AI could make African languages more accessible with machine translation — but people need to make it happen
Machine translation benchmarks were recently set for more than 30 African languages, classified in the Natural Language Processing space as the ‘The Left-Behinds’. The benchmarks are the first advances for some of the 2,000-odd living African languages and present a case for information accessibility through language technology.
If there was a perfect Machine Translation system for African languages it would mean that all the existing knowledge found on the Internet could be translated into someone’s home language.
For example, the number of Xitsonga articles on the global encyclopaedia Wikipedia is tiny. “If we had a perfect [Machine Translation] system… you can take the whole Wikipedia and translate that into someone’s language, then you give them direct access to basically all of knowledge. That’s a little bit amazing,” said Dr Herman Kamper of Stellenbosch University’s Department of Electrical and Electronic Engineering.
Machine Translation is automated translation of one language into another, performed by a computer.
Kamper was one of about 40 scholars and more than 400 participants who have been teaming up since 2019 to solve speech and language problems in Africa.
At the end of 2020, the volunteer community was able to set the first benchmarks for 30-plus African languages in Machine Translation, a first for the African languages in Machine Translation.
Researchers used Natural Language Processing (NLP), a branch of artificial intelligence that helps computers understand, interpret and manipulate human language.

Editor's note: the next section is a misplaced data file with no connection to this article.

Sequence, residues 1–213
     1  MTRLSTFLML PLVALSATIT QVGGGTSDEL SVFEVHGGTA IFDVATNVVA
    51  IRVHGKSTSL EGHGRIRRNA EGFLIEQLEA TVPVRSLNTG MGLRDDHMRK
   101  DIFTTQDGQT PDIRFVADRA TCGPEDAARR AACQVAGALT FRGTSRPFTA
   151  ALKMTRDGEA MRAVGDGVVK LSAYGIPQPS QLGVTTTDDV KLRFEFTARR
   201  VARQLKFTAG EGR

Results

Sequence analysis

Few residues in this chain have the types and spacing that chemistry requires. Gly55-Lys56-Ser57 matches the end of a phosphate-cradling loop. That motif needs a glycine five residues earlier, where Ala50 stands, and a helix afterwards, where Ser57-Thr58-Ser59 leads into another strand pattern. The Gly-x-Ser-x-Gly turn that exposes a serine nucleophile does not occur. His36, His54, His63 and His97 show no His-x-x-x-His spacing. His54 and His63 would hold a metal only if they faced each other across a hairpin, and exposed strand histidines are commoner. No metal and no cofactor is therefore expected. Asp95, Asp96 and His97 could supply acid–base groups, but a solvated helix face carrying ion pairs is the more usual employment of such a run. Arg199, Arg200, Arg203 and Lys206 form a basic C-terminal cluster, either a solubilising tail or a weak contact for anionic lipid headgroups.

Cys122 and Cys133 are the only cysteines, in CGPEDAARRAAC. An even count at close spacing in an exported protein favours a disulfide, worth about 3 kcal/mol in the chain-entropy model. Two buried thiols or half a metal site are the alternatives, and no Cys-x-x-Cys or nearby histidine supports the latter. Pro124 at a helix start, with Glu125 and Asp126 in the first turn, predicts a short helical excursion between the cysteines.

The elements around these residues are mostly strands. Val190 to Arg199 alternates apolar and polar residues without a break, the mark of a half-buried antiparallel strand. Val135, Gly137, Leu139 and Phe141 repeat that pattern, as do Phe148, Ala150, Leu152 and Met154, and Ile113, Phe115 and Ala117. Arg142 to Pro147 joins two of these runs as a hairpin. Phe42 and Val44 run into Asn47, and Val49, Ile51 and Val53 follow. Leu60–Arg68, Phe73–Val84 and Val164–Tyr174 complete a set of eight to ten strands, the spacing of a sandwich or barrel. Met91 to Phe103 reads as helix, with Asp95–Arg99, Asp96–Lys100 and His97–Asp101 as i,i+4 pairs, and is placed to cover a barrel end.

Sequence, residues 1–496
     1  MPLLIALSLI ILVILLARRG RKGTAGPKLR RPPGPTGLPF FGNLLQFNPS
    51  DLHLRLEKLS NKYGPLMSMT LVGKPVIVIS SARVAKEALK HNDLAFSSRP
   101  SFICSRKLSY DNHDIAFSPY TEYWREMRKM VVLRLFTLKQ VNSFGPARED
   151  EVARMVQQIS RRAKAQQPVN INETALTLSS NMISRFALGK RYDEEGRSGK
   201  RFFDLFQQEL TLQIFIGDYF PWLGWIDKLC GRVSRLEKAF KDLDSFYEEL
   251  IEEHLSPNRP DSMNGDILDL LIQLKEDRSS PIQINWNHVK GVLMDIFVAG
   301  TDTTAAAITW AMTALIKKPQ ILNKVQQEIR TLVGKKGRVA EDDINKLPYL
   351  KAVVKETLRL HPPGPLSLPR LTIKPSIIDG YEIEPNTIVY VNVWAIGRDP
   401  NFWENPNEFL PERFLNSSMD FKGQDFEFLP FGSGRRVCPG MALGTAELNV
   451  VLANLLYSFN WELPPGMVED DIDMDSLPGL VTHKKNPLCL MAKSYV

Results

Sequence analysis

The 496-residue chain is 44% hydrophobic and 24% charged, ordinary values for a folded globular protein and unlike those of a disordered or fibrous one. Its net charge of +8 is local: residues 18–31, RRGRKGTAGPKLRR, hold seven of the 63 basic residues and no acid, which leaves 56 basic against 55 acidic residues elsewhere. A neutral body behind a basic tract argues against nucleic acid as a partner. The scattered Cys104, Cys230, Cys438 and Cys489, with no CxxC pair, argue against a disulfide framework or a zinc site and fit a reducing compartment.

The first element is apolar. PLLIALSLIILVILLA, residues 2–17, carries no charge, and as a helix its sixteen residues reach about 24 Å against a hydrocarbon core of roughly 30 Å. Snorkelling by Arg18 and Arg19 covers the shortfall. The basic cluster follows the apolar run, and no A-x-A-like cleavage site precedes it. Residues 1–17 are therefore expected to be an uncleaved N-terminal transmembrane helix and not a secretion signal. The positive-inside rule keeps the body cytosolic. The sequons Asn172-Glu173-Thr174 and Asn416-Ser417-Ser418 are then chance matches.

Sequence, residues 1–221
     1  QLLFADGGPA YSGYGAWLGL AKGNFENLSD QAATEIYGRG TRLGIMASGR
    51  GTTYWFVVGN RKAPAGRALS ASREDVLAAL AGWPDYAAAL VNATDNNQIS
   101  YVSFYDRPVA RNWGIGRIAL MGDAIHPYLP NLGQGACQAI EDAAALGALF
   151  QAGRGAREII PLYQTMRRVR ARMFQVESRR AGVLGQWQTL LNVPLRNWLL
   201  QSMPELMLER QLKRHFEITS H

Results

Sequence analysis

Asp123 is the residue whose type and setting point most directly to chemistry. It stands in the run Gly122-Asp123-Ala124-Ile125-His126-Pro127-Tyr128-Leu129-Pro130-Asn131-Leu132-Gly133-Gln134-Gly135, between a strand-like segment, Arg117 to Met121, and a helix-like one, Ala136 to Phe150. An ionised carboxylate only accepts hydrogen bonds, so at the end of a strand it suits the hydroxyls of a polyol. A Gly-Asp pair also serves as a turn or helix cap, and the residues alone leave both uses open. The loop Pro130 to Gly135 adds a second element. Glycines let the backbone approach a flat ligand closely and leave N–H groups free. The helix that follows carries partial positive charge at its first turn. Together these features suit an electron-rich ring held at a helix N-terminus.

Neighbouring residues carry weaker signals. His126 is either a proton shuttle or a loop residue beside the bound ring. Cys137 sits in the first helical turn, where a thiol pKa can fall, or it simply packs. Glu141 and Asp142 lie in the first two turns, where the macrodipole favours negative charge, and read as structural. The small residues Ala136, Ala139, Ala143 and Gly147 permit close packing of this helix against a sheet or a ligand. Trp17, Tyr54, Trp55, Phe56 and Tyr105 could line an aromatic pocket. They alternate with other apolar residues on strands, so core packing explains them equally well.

Their research paper, Participatory Research for Low-resourced Machine Translation: A Case Study in African Languages, coming out of the collaborative work went on to win the 2020 Wikimedia Foundation Research Award and some members of the community have since gone on to tackle other NLP tasks.
According to Kamper, the benchmarks are a mere starting point for the languages, since the systems are not yet as good as an English-to-French system, for example, that Google makes use of.
The benchmarks are evaluation sets to test the Machine Translation systems.
If a big tech company like Google wanted to, it could create Machine Translation systems for all the languages, stated Kamper, who focuses particularly on speech recognition.
But, if you don’t have the native speakers on the ground, it is difficult to account for the long-tail languages, Kamper said.
At the moment, what is needed are people who are native speakers of languages — like those that were accounted for in the benchmarks, namely Khoekhoegowab, Igbo, Sepedi and Setswana — and who know that Google won’t easily work on these Machine Translation systems.
Most NLP research fails to have on-the-ground expertise of low-resourced languages.
You need people who will say, “I am going to do it”.
That was the scheme of the group of thinkers who gathered in 2019 to discuss NLP at a Deep Learning Indaba, held in Kenya.
At that 2019 teaching event, it was established that, “we want to do this thing, to build MT systems for all the languages that we possibly can”, Kamper said.
“In that room, there were already a whole bunch of people from all over Africa speaking different languages. That was where it started.”